1

On a few old 35mm cameras I think I recall that depending on the lens I used, the focusing aids (split image rangefinder and microprisms) changed a bit.

I now own a couple of Tni DSLRs (both with kit lenses) and I miss my focusing aids even if I rarely focus manually anymore. But I don't know if the lack of focusing aids is because I own inexpensive bodies or because I own inexpensive lenses.

Are split image rangefinder and microprisms part of the lens or the body in modern DSLR systems?

6

These focusing aids are part of the focusing screen, which is part of the viewing system within the camera body. Some cameras have user-interchangeable focusing screens, others have factory-interchangeable focusing screens, and some cameras have focusing screens that cannot be changed. See for example Canon's leaflet on focusing screens here:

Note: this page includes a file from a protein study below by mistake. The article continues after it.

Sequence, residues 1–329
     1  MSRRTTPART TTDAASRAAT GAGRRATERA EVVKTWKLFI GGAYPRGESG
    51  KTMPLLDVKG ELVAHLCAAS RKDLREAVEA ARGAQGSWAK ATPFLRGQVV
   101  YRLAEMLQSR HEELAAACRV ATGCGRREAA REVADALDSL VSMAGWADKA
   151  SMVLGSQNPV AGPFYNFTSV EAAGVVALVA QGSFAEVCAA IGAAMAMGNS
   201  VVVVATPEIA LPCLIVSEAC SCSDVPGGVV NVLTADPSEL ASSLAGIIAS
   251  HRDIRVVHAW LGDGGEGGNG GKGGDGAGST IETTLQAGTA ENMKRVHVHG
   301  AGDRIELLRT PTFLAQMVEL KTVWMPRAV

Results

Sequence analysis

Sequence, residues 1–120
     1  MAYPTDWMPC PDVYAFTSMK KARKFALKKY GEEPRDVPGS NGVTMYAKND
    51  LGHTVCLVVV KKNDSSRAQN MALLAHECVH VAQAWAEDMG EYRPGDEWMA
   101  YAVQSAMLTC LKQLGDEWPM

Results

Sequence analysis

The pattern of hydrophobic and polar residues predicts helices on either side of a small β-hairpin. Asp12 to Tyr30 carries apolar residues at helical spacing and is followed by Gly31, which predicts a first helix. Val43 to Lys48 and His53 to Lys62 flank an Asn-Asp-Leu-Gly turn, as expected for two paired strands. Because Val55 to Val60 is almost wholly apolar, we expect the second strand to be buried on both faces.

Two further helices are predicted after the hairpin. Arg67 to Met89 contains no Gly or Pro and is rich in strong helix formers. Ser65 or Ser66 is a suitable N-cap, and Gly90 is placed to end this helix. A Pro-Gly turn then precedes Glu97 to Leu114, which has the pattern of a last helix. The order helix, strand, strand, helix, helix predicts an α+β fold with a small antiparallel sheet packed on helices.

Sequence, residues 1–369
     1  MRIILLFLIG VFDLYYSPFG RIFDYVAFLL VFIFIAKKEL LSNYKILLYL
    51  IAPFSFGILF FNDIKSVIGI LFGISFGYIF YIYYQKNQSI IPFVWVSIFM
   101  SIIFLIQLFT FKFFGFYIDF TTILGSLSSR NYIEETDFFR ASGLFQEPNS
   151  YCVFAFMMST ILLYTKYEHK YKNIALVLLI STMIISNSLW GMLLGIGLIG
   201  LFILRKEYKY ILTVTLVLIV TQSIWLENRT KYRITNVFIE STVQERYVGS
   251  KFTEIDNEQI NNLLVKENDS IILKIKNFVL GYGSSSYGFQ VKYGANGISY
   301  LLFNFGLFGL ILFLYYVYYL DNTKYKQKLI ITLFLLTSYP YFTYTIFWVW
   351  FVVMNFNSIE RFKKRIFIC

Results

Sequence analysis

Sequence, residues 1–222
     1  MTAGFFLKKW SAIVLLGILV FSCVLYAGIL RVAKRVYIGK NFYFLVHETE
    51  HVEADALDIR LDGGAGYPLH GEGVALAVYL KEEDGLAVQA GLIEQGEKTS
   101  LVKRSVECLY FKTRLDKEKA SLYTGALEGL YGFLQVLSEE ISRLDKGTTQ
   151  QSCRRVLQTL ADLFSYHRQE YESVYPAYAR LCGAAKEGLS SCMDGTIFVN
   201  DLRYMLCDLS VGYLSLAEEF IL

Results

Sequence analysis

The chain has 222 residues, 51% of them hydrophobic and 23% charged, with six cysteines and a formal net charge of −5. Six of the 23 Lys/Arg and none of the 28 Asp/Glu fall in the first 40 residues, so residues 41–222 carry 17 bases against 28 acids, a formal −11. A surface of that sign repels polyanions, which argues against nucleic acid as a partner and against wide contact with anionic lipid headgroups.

https://www.learn.usa.canon.com/app/pdfs/quickguides/CDLC_FocusingScreens_QuickGuide.pdf

  • I found this link with instructions on replacing a focusing screen. Also this image showing where the focusing screen (5) sits on an SLR camera. – Roflo Apr 6 '16 at 16:05
3

If the focusing aid was part of the lens, it would be visible in the image.

That's because they are optical elements themselves, which means they change the properties of the light that goes through them in order to work. But you do not want them to be visible in the frame (neither film nor digital).

The path of light goes always trough the lens and then either to the sensor/film or through the viewfinder to your eye, depending on the mirror position.

Anything that you want to see with your eye but not the sensor/film should thus be integrated in the viewfinder, not the lens.

  • 1
    @Roflo: the focusing aids in your question (split image rangefinder and microprisms) are optical. – null Apr 6 '16 at 15:58

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